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Need to reduce global illiteracy

CHATTING EDUCATION with KENNETH CHIMESE
ON September 8, the world will be commemorating the International Literacy Day (ILD) which is observed annually under the auspices of the United Nations Educational, Scientific and Cultural Organisation (UNESCO).
Illiteracy and the need for various nations to address the problems that emanate from illiteracy take centre stage on ILD.
Today, illiteracy, particularly in the developing world and among poor communities, remains a huge challenge and a major reason for the poverty that continues to afflict millions of people the world over.
As the world prepares to commemorate this important day, it is worthwhile to look at the current situation regarding illiteracy universally, and try to relate it to our local context to understand the impact of illiteracy on our future.
Let us be swift in noting that the world in general, and Zambia in particular, is committed to providing education for all by 2015. But with the situation that prevailed in the world at the close of 2013, this may be very difficult to attain, come 2015.
In observing the 2013 ILD, UNESCO indicated that millions of children were destined to go through life unable to read or write. On the other hand, the number of adults who cannot read or write has been declining due to efforts by governments to increase greater access to education.
However, while there have been such efforts made to create more classroom space that has led to increased enrolment in schools, it is still common in Zambia to find children who are unable to enter grade one because of insufficient space to cater for the needs of each and every child in all parts of the country.
In 2013, UNESCO indicated that “… millions of children are still out of school, and millions more leave primary school without basic literacy skills. In short, these children of the 21st century, most of whom are girls, are destined to live on the social and economic margins of our world. We need to keep our promise: Education for All.”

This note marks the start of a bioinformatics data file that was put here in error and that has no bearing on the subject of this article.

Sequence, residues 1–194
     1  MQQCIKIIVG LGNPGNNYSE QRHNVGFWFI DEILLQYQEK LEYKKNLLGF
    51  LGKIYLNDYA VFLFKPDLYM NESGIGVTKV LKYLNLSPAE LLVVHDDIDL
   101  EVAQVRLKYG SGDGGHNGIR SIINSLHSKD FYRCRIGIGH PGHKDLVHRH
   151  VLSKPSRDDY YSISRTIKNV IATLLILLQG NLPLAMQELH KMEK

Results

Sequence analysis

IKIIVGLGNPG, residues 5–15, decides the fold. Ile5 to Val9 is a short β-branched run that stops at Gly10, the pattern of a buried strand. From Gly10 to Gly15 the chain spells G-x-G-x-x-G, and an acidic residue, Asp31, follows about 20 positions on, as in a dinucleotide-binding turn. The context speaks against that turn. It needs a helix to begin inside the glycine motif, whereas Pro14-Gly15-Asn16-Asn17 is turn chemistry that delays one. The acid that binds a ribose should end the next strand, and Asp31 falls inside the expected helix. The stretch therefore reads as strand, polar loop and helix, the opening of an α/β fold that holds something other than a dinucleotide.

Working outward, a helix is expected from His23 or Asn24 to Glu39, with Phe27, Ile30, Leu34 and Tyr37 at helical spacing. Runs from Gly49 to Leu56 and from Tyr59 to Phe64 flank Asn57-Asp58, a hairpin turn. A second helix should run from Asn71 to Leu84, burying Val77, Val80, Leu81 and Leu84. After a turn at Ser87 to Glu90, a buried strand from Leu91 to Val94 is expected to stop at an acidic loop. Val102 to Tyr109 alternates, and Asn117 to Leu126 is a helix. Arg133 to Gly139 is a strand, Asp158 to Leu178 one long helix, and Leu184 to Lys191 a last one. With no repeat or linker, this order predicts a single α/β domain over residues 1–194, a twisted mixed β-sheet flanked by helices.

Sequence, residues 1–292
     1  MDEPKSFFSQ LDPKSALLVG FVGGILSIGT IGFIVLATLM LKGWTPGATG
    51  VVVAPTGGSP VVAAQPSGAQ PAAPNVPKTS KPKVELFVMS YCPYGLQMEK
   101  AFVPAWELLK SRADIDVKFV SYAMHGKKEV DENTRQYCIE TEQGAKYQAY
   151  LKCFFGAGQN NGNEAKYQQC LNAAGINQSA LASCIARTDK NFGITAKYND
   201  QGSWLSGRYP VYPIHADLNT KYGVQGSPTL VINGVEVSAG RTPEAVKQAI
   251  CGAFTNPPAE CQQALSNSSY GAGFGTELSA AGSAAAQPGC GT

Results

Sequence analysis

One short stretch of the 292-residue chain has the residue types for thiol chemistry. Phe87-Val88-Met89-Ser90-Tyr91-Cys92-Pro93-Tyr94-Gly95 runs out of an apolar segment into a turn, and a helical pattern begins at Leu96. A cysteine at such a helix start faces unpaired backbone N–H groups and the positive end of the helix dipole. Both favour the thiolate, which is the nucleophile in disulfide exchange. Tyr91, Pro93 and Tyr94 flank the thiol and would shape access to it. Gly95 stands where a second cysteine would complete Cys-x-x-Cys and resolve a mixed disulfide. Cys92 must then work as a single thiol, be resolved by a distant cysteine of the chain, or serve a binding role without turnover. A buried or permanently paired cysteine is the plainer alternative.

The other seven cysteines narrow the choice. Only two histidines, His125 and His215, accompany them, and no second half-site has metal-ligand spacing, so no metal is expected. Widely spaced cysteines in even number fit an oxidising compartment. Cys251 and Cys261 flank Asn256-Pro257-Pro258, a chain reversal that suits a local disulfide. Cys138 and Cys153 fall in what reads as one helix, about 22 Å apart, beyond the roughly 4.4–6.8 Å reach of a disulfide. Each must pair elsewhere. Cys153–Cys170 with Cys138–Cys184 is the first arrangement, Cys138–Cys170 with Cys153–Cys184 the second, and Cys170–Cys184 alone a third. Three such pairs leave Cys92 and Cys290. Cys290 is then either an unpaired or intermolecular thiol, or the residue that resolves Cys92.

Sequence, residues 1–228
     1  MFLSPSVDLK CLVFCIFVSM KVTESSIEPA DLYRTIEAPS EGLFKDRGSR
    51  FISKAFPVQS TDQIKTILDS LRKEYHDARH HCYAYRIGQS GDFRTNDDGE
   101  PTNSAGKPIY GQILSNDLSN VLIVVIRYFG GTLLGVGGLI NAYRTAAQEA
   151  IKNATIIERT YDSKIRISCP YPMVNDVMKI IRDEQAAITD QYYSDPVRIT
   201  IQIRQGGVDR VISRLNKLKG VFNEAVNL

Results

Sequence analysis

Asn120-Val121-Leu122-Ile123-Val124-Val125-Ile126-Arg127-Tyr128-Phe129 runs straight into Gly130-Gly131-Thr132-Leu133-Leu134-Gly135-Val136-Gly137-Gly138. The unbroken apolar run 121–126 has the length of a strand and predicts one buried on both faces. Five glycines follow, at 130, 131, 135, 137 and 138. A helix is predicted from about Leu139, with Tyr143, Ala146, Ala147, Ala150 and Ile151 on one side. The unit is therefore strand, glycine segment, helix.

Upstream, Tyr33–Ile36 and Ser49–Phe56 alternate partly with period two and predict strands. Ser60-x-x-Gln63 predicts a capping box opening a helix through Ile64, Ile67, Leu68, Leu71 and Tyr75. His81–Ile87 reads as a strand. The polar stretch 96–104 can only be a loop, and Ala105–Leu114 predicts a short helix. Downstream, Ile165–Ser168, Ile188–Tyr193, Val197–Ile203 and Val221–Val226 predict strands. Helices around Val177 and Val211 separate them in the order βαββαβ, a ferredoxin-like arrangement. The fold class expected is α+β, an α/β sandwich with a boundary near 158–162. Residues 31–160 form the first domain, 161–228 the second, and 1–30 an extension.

In the Zambian context, we still continue to have hundreds of children who leave school for social or economic reasons. In some cases, the education system itself eliminates some children from school through examinations at grade seven.
A number of 21st century Zambian children who have no parents to support them, or girl children who are forced into early marriages, leave school without adequate literacy skills.
It is the young girls who are being married off, the boys and girls that line the streets to beg for money and waste their lives inhaling drugs, who shall remain on the fringes of social and economic margins. They shall continue to be a burden to society.
The gloomy world picture at the close of 2013 showed that 774 million adults (aged 15 and above) were illiterate. Of that number, 124 million were aged between 15 and 24. And two thirds of these huge numbers were females.
It should continue to puzzle all – and be treated as a serious concern – that while the number of youths who cannot read or write is getting smaller, the proportion of young illiterate women is not, UNESCO points out.
These are the young men and women or elderly persons whom we get to meet in our lives who cannot read a prescription from a doctor or even understand the expiry dates on goods in supermarkets.
Those are the same men and women who struggle to fill in an application form or even read or send a text message on their mobile phones. These are the men and women who will find it difficult to read information which is meant to improve their skills in agriculture or any business they are engaged in.
It is estimated that with the current trends, the world may end up being saddled with 57 million out-of-school children in future. Any child in Zambia who leaves school early will add to that number. Particularly so since one in every tqo such children will be in Sub-Saharan Africa.
What perhaps is pretty worrying is that worldwide, 250 million children of school-going-age, whether in school or not, lack basic reading and writing skills. They are illiterate!
For such children, the future will be one of poverty, inequality and unstable poorly paid jobs with “… unfulfilled individual potential and limited ability to contribute to the well-being of their families and the communities they will be living in.”
It is expected that global efforts should be aimed at reducing illiteracy levels by half by 2015. The greatest worry though is that unless sustained policy efforts are in place, some societies will continue to suffer from high illiteracy levels.
Even sadder is that high illiteracy levels will continue to impede economic and social development and, as such, poverty will remain the order of the day.
Comments to: kennethchimese@hotmail.co.uk, 0966 902506, 0974 469073

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